22. Mr. Andy Reed: To ask the Secretary of State for Environment, Food and Rural Affairs when he last discussed with ministerial colleagues at the Department of Trade and Industry the implementation of that Departments policy in support of microgeneration.
Ian Pearson: The Secretary of State regularly meets his Cabinet colleague at the Department for Trade and Industry to discuss policies, such as microgeneration, where DTI and DEFRA both have a key role to play in their successful delivery.
Ian Pearson: Government funding for flood and coastal erosion risk management has gone up by 35 per cent. in real terms since 1996-97. Future funding needs will be considered in the 2007 Comprehensive Spending Review.
Bill Wiggin: To ask the Secretary of State for Environment, Food and Rural Affairs why the recent guidelines from his Department on transporting greyhounds were issued on British Greyhound Racing Board paper. 
Mr. Bradshaw: DEFRA has not produced any guidance specific to greyhounds. However, the Department has issued guidance on compliance with new EU rules on the welfare of animals during transport, which come into effect in January 2007. This guidance does not include specific advice on the transport of greyhounds as the EU Regulation sets only general requirements for these animals.
The British Greyhound Racing Board have produced separate guidance for their members on compliance with the new rules, which includes detailed technical requirements that are not specified in the regulation.
Bill Wiggin: To ask the Secretary of State for Environment, Food and Rural Affairs what assessment he has made of the possible implications for (a) animal welfare standards and (b) farmers competitiveness of differences in the four devolved areas of the United Kingdom between rural development programme schemes in respect of animal welfare promotional measures. 
Mr. Bradshaw: Improvements in animal welfare standards and farmers competitiveness can be achieved through a variety of means. There will be separate Rural Development Programmes for each part of the UK for the new programming period, 2007-13. The detail of these programmes will reflect the assessment made of the priorities and needs for each respective part of the UK.
Bill Wiggin: To ask the Secretary of State for Environment, Food and Rural Affairs whether the livestock indicators relating to animal welfare launched by his Department on 24 November are intended to allow progress in each devolved area of the United Kingdom to be measured (a) separately and (b) on a United Kingdom-wide basis.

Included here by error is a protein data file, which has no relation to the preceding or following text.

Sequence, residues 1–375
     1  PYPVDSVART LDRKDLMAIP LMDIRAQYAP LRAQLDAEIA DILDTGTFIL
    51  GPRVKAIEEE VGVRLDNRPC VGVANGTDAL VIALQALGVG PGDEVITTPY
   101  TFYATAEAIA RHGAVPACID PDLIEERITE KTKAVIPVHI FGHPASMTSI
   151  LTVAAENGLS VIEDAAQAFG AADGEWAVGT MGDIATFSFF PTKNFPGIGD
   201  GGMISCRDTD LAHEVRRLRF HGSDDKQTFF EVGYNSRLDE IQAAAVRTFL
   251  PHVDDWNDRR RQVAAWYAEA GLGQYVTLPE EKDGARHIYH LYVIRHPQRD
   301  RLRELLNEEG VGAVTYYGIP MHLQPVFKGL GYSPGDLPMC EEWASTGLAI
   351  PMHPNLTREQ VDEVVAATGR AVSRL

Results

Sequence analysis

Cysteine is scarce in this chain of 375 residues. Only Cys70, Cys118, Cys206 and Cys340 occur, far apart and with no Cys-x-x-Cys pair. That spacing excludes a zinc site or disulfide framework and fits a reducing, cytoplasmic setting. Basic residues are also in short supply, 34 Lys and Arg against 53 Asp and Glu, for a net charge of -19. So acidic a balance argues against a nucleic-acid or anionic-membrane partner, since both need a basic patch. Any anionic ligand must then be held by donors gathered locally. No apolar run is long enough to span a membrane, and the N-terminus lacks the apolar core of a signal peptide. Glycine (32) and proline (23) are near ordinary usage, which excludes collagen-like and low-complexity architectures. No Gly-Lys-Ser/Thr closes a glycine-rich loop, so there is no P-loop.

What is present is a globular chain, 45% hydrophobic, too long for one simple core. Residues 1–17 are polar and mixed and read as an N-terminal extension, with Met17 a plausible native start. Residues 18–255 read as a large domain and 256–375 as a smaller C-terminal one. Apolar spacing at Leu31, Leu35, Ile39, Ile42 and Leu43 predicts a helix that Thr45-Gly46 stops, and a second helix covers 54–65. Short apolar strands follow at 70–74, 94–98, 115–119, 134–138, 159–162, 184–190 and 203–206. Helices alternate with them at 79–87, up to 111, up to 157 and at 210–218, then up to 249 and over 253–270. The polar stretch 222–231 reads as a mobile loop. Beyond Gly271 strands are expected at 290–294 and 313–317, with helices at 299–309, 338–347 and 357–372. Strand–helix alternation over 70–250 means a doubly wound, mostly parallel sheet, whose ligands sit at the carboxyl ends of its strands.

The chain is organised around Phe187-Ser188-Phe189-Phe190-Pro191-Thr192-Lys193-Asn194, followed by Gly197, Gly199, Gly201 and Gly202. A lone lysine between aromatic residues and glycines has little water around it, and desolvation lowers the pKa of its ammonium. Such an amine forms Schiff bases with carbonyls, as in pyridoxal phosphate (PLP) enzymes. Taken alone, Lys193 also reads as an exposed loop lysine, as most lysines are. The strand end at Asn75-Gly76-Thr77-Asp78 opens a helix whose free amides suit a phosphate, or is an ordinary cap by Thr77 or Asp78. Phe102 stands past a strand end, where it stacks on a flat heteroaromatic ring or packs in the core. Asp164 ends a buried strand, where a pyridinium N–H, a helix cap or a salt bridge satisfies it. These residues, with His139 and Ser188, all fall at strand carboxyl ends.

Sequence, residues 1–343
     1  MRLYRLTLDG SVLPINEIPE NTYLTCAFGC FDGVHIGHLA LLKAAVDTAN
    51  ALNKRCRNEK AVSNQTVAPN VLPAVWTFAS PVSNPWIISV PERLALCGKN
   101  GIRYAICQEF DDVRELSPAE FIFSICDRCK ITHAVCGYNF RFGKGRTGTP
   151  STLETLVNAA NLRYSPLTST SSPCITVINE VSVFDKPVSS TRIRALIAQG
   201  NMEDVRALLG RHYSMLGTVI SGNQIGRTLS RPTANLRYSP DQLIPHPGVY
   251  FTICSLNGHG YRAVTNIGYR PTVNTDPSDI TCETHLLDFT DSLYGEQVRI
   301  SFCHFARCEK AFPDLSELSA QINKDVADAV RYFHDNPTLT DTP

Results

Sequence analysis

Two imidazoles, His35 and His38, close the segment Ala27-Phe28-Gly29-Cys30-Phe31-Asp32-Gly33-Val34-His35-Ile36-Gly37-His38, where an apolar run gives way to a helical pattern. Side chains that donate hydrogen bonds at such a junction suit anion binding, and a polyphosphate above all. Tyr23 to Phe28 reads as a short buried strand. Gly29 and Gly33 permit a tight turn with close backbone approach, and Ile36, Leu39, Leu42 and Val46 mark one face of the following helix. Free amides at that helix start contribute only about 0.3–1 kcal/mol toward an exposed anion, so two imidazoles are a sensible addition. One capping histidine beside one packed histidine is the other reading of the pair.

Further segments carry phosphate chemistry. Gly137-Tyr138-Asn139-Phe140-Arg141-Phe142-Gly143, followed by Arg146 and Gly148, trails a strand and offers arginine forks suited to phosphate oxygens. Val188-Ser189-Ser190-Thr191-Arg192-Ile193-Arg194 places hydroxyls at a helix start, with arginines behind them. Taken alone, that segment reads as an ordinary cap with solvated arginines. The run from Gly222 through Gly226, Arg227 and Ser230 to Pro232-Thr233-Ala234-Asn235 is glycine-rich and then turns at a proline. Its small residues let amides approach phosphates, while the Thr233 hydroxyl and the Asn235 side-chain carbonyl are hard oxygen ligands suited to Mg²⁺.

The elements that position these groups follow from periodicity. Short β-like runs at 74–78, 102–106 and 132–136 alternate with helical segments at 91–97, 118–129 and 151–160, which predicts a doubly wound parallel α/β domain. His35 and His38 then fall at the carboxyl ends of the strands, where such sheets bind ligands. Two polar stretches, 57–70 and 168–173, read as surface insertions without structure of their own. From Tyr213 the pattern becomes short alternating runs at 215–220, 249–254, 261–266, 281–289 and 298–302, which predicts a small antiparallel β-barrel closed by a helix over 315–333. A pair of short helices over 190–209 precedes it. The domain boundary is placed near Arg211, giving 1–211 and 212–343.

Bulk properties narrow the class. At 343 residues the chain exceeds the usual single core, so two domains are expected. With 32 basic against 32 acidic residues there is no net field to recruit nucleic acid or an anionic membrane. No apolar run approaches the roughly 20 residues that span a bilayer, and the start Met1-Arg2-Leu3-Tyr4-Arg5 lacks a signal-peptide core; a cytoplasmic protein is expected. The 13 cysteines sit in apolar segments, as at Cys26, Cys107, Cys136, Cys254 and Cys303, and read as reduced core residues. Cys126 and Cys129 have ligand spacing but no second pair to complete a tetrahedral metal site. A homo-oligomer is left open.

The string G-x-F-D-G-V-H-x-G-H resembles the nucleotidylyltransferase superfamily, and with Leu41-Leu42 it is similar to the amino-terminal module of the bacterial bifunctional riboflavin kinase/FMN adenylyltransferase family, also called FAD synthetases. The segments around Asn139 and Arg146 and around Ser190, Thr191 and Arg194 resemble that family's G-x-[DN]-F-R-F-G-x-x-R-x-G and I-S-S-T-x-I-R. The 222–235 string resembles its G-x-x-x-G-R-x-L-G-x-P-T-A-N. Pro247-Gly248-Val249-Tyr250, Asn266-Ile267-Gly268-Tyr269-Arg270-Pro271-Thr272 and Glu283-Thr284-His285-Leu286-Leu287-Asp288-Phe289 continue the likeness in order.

Mr. Bradshaw: These livestock indicators have been introduced to show progress towards the delivery of the Animal Welfare Strategy for Great Britain in England. They are being developed by DEFRA in consultation with the England Implementation Group, the independent advisory body overseeing delivery of the strategy in England.
Bill Wiggin: To ask the Secretary of State for Environment, Food and Rural Affairs whether the draft Animal Welfare Delivery Strategy takes account of the delay in implementing the England Rural Development Programme 2007 to 2013 announced on 1 November. 
Mr. Bradshaw: The draft Animal Welfare Delivery Strategy does not contain specific actions, resource commitments or funding mechanisms. These will be considered in an action plan, to be developed with stakeholders and published separately.
Mr. Bradshaw: We already have in place a series of measures designed to reduce the geographic spread of bovine tuberculosis (bTB) in England and to achieve a sustained reduction in high incidence areas, including Shropshire. Our plan is to continue to work in partnership with interested parties to embed and monitor these measures, some of which have only been in operation for a matter of months. Examples of this include pre-movement testing phase one and the more extensive use of the gamma interferon blood test.
We are committed to introducing the second phase of pre-movement testing in March 2007. This will extend the policy to younger animals, and continue to fund a wide-ranging bTB research programme, using the emerging evidence to inform our policies. We will also work with our industry partners to further raise awareness of the crucial role farmers have to play in controlling bTB by complying with statutory policies, applying disease prevention measures and good husbandry practices. We are also considering the evidence and practicalities of adding badger culling to these tools for preventing bTB in cattle.
Chris Huhne: To ask the Secretary of State for Environment, Food and Rural Affairs (1) what estimate he has made of the number of Christmas trees which were recycled in each of the last three years; and whether his Department provides support to local authorities for the recycling of Christmas trees; 
Mr. Bradshaw: DEFRA has not made an estimate of the number of Christmas trees which were recycled in the last three years. I am aware that some local authorities (LAs) have in the past reported the number of Christmas trees they recycle to the environmental charity EnCams. Figures for 2002 show that nearly 2 million trees were recycled by the LAs which provided returns in England and Wales.
While DEFRA does not provide specific support to LAs for the recycling of Christmas trees, we have provided significant additional funding to increase the proportion of waste that they recycle through the Environmental, Protective and Cultural Services (EPCS) spending block. This includes waste management services, Private Finance Initiative funding for waste, the Waste Minimisation and Recycling Fund and the Waste Performance and Efficiency Grant.
Waste Watch recently estimated that up to 1 billion Christmas cards could end up in rubbish bins across the UK rather than being recycled. We would expect those authorities which carry out collection and recycling of waste paper to recycle Christmas cards with the rest of the waste paper they collect.